By Scott M. Johnson Herald Writer
SEATTLE — All the returning offensive talent and reinvigorated defensive players spent a few valuable seconds at the end of a University of Washington football practice last week gathered around a kid whose name many of them probably didn’t know.
Erik Nothstein, a 191-pound freshman, calmly drilled a practice-ending field goal to send his new teammates into a brief celebration at the end of a session inside the Dempsey Indoor facility.
The next time a UW kicker steps up for a kick that really matters, things might not be quite so relaxed.
The Huskies’ kicking game is currently in a state of disarray, thanks to the graduations of clutch place-kicker Erik Folk and solid punters Kiel Rasp and Will Mahan. Their most likely 2012 replacements aren’t participating in spring ball, adding to the mystery as the Huskies head into the fall.
And yet coach Steve Sarkisian hasn’t shown any sweat in regards to the UW kicking game.
“I think there’s some natural curiosity with how good they’re going to be,” Sarkisian said of the revamped kicking game that will mainly be made up of players who aren’t yet on campus. “I think we’ll be talented. I think we’ll have the right pieces in place. There will be enough competition to push guys.
“But there is some curiosity. As we come back into the summer and back into the fall camp, those 29 practices are really going to be critical as we prepare those guys for the moment of playing actual football.”
The general perception is that the Huskies will have junior-college transfer and one-time San Diego State punting recruit Travis Coons handling the place-kicking in the fall, with incoming freshman Korey Durkee of Gig Harbor looking like the Huskies’ punter of the present and future. Neither player is practicing this month because they’re finishing up classes at their respective schools.
Sarkisian said Wednesday that Coons, who made just two of 10 field-goal attempts at Mt. San Antonio College last year, could be used as a specialist and long-yardage field-goal kicker and added that he could use a different kicker for extra points and shorter field goals.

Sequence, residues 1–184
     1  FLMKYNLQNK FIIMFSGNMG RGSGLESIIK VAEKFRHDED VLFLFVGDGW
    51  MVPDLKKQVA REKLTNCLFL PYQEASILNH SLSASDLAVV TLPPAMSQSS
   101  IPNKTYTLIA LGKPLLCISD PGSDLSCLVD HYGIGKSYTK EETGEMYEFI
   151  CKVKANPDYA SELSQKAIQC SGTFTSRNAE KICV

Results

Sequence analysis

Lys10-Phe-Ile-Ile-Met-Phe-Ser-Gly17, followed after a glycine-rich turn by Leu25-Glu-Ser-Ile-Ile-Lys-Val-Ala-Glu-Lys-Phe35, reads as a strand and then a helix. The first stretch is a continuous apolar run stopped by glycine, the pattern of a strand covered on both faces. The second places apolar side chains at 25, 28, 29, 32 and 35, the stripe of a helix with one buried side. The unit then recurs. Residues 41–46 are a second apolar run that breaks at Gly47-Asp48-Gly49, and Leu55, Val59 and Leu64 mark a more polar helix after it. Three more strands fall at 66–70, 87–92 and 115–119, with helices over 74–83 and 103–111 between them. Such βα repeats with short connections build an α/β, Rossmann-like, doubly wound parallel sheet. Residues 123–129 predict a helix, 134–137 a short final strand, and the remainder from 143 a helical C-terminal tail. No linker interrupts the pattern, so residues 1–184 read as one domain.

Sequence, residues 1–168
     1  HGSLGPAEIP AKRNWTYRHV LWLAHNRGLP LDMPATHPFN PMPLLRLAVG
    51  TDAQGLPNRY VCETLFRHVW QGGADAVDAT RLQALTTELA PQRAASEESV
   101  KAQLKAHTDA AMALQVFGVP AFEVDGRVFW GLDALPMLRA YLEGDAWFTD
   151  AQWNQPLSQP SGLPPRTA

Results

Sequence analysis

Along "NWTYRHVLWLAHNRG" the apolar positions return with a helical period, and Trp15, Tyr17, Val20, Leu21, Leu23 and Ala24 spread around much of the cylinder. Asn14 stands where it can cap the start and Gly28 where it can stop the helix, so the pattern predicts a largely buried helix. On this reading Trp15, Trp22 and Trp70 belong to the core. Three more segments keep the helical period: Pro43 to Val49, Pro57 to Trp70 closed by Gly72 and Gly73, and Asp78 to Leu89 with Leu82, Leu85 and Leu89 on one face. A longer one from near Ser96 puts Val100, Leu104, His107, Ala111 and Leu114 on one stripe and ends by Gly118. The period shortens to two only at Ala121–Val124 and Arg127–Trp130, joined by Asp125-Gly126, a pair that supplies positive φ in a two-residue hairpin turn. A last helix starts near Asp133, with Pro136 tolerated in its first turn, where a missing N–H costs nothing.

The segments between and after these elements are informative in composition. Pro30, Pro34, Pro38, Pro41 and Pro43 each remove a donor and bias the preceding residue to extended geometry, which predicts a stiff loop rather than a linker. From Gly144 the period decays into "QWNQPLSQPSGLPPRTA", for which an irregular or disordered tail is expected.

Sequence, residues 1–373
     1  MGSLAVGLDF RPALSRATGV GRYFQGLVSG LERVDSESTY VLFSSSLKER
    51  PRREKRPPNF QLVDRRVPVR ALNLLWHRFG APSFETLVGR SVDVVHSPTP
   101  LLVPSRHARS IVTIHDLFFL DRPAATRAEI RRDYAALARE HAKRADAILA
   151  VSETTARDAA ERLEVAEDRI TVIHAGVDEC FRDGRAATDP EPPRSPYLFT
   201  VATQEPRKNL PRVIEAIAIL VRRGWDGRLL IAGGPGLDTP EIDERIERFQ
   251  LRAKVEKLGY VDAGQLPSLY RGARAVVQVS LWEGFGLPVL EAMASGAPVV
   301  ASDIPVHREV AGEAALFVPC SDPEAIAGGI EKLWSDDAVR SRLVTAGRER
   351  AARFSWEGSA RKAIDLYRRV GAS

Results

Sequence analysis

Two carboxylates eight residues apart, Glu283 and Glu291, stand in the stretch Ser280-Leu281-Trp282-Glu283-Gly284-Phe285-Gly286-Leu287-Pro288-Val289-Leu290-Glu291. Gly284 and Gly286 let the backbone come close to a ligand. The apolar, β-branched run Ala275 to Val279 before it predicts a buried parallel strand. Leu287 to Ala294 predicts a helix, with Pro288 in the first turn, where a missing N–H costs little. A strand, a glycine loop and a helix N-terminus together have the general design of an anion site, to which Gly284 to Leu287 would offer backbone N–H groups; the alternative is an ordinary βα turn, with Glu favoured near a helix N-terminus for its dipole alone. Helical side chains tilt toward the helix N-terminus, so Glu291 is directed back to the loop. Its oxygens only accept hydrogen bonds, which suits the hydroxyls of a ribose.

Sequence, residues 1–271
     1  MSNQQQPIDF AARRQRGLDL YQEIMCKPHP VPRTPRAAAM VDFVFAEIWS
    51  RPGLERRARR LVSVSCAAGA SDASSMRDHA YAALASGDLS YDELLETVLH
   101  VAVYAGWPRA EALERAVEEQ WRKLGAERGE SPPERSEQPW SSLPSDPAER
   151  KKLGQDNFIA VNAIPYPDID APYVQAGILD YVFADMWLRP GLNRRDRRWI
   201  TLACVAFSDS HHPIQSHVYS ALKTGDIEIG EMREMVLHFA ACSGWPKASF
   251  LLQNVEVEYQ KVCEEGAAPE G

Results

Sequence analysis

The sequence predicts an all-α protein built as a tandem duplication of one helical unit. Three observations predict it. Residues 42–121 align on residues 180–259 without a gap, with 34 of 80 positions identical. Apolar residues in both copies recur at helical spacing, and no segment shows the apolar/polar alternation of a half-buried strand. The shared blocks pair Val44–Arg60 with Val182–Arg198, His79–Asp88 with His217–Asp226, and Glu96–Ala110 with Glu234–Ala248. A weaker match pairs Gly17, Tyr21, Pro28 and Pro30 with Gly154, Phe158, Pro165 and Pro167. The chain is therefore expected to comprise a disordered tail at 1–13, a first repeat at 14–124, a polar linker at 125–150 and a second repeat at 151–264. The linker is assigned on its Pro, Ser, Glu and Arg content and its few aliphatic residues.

When asked who that kicker would be, Sarkisian said: “We’ve got a few guys coming.”
He added that he likes the potential of Coons, despite the statistics. Coons went 0-for-3 from inside 40 yards last season but has such a big leg that his junior college twice had him try field goals of beyond 50 yards.
Whoever does this kicking this year will try to replace a man who made some of the more memorable kicks in recent UW memory. Folk, who was 42-of-57 on field goals during his career at UW, twice beat USC with game-winning field goals. He is the younger brother of New York Jets kicker Nick Folk and seems to have a legitimate shot of earning a spot in an NFL camp this summer.
Durkee, who at 6-4 and 215 pounds looks more like a linebacker than a punter, also has some pretty big shoes to fill. Rasp had one of the best seasons of any UW punter last season, and the two years before that he couldn’t even beat out the rock-steady Mahan.
Mountlake Terrace High School product Nate Ryals, a walk-on, is the only punter practicing with the Huskies this spring. Walk-ons Nothstein and Kyle McKnight are handling kicking duties, and Nothstein has shown a pretty consistent leg over the last week.
Neither one appears likely to be in the mix when the field goals actually matter, but Sarkisian is prepared to split time between Coons and someone else this fall.
“I’ve been down this road before where we have a kickoff guy who’s also our long, deep kicker, and we had an extra-point, mid-range guy who’s also very accurate,” he said. “And we may do that here.”
Sarkisian said injuries will prevent the Huskies from holding a true scrimmage with two full squads on both offense and defense this Saturday. So the Spring Game will be divided into an offensive team and a defensive team, with a scoring system that gives the defense three points for a stalled drive, five points for a turnover and seven points for a return touchdown. Offensive points will be scored in the traditional manner. … Center Drew Schaefer (knee) and wide receiver James Johnson (concussion) returned to practice Wednesday. Linebacker Scott Lawyer (groin) and defensive lineman Alec Kimble (leg) are also back in action. Sarkisian said it was nice to have Schaefer back after his starting center missed about two weeks of action. “Having your veteran center back is like having the quarterback of your offensive line back. So communication is better,” Sarkisian said, adding that Schaefer could participate in Saturday’s scrimmage. “With Drew, is he 100 percent? Maybe not. But he competed well today and brought a calming effect to the huddle, which was good.”